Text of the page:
Girls with big eyes:

Girls with big eyes - We talked to Japanese illustrator Hikari Yamazaki about art, passion and creativity

Hikari Yamazaki is a very talented Japanese illustrator. She calls herself Hikacha and I’ve been obsessed with her style for years now. I like the high school girl’s note book…
Girls with big eyes

We talked to Japanese illustrator Hikari Yamazaki about art, passion and creativity

Hikari Yamazaki is a very talented Japanese illustrator. She calls herself Hikacha and I’ve been obsessed with her style for years now. I like the high school girl’s note book full of random scribbles and thoughts as much as the big size paintings. It’s street art, but not only in a girly way. It contains a strong power in combination with sex and dreams.

I’m always excited to see new posts on your drawing blog. Can you tell us a little about those girls in your work and what motivated you to start drawing?

The girls in my work are definitely reflecting my inferiority complex. Like if my eyes were bigger and eyelashes were longer. If my boobs and butt looked hotter. So it’s totally my image of the ideal women actually. Sexy and dreamy? Super! And those funny creatures surrounding the girls, they’re my image of their boyfriends or friends who stand by them. They’re always on their side.

When I went to art university, one of the instructors who saw my notebook full of scribbles, suggested me to draw like that more and more. I was majoring graphic design, so I used to know and supposed to be a designer after graduation. But one day I noticed myself that I’m more into drawing than designing. So in a way, I’m deeply grateful to my professors. Thank you for letting me go my own way.

Some years ago while being a student, I passed the illustration competition by Digmeout, the association which supports young Japanese artists. It was how my career as an illustrator started.

I’ve been drawing since I was old enough to hold a pen, after school I used to draw manga everyday and was so into it when I was a school girl. Nothing has changed at all. As a little kid you’ve got a strong passion. I keep drawing pictures. Everyday. I don’t really care if people like my work or not, the most important thing is be always honest to myself. Just like a little girl, even if I’m getting older.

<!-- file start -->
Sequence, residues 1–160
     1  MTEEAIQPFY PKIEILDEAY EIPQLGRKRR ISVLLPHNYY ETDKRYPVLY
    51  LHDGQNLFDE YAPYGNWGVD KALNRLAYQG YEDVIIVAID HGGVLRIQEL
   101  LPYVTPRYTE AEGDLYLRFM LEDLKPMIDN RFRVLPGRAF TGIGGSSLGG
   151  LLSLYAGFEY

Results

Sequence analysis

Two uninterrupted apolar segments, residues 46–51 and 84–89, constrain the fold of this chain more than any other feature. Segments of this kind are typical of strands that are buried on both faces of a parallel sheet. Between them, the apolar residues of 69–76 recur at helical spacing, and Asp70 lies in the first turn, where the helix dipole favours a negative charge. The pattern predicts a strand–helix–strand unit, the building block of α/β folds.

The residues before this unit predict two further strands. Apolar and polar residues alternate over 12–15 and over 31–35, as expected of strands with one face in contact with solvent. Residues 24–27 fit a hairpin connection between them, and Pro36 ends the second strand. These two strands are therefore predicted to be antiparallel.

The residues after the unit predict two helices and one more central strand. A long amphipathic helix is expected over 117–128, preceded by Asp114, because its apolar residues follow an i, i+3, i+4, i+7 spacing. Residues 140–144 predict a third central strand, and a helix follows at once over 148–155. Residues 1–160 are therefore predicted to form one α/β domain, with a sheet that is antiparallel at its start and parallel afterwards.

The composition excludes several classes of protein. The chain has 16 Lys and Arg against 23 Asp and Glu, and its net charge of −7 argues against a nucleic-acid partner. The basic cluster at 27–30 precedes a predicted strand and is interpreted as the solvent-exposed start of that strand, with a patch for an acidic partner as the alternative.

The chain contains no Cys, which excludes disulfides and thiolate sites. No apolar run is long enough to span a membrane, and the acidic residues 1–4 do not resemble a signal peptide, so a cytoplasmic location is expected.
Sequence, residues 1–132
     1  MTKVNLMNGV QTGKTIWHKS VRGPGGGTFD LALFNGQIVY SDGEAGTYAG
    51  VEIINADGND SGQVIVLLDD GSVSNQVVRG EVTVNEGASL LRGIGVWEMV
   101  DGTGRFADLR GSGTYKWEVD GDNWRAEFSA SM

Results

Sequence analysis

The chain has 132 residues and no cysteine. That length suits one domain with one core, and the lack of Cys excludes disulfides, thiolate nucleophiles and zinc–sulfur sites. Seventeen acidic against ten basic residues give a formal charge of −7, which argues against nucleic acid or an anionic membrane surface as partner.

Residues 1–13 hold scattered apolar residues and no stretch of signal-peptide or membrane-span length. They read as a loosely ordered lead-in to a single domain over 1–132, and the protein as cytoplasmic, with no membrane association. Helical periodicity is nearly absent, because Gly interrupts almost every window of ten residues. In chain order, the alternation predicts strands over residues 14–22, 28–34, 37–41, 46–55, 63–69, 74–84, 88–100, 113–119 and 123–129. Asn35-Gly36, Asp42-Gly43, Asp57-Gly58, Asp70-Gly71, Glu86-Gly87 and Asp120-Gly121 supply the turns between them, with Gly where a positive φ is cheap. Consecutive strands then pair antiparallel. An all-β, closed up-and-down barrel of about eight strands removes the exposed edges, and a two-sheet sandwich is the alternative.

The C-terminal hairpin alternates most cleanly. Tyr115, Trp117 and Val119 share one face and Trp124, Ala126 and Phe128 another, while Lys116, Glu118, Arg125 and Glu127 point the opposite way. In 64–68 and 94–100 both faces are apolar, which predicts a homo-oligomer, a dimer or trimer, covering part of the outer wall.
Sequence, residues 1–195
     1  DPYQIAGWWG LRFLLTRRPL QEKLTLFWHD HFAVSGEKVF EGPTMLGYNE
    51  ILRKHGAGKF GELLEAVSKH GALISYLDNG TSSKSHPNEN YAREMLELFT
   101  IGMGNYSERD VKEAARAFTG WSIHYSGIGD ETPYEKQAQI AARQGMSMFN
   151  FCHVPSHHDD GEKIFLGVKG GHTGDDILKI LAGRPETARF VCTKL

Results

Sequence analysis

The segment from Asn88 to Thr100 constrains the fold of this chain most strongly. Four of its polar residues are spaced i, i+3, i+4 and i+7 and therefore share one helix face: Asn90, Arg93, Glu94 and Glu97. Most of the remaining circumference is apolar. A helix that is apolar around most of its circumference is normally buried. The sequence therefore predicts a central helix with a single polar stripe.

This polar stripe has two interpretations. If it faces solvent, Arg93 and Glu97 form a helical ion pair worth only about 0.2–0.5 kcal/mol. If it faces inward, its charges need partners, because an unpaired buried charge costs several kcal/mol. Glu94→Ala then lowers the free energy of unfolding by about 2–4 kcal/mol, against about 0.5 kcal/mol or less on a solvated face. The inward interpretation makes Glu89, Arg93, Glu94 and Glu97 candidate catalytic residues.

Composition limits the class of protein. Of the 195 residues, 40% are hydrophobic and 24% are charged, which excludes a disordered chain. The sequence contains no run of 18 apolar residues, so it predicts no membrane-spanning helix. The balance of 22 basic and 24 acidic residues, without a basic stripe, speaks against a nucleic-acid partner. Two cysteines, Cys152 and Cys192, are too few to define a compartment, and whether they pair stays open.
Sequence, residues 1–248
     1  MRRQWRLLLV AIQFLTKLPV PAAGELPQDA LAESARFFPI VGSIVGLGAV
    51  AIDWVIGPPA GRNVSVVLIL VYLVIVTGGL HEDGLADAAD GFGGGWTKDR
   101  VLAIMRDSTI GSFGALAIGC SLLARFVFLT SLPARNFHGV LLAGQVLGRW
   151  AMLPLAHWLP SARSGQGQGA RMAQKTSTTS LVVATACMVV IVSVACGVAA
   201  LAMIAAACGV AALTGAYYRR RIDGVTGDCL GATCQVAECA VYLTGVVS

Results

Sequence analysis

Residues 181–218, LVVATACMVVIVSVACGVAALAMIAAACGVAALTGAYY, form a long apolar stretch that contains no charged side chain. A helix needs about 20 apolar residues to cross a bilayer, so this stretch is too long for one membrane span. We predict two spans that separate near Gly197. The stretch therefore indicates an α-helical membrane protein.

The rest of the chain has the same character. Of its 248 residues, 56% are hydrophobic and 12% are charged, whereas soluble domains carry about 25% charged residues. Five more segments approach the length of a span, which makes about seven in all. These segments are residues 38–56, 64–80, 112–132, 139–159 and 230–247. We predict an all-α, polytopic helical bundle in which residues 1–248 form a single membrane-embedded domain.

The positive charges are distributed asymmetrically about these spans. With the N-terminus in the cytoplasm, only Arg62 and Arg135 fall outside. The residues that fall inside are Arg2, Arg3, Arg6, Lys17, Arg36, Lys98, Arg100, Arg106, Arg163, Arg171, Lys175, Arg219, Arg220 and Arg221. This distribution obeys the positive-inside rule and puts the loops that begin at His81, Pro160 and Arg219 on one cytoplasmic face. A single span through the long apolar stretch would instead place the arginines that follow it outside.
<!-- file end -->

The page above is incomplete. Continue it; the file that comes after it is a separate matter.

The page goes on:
Hikari Yamazaki

You were born in 1988, grew up in Tokyo and spent your teenage life through the 2000′s. Did you like it? What has influenced your illustrations?

Well, it’s Sagamihara where I live, the city which is a suburb area in Kanagawa prefecture, approximately 45 kilometres away from Tokyo. So it’s still a bit far from uptown Tokyo like Shibuya or Harajuku, but I’ve been attracted to Gyaru life. So I decided to go to a high school which was close. At the time, I was more into girl stuff like makeup, boys and fashion than drawing. After school I used to go to Shibuya like everyday to hang out with friends there.

Shopping at Shibuya 109, singing Karaoke, having fun at Purikura… Typical Tokyo girl’s stuff. So my illustrations have greatly influenced by those things. I loved to be a teenager in the 2000′s, because so many kinds of Gyaru fashion and styles came up, it was exciting and fun. I also like to see street graffiti art so I often get inspiration from it. So my style wouldn’t be the same without Tokyo pop culture, that’s for sure.

Hikari Yamazaki

I’m following you on Instagram as well, it seems to be another great way for connecting with your fans besides your blog and Twitter. How is the reaction to it?

Yeah, I love it! Thank you for following me. Well, I really enjoy it because each comment and “Like it” I receive from people in various countries make my day. At first, I didn’t get the point to keep uploading my scribbles expressly and how worth it is. But one day, I got a “Like it” from my favorite artist and I just couldn’t be happier. Since then I noticed that it’s actually really worth to keep showing my work to the world. It also might lead to a chance getting a new job. So I can easily get to know what others feel and how they like my work. It’s surely one of the greatest tools. As it is now, I got into the habit of uploading them on Instagram every time I draw something. Well, it’s simply awesome, isn’t it?

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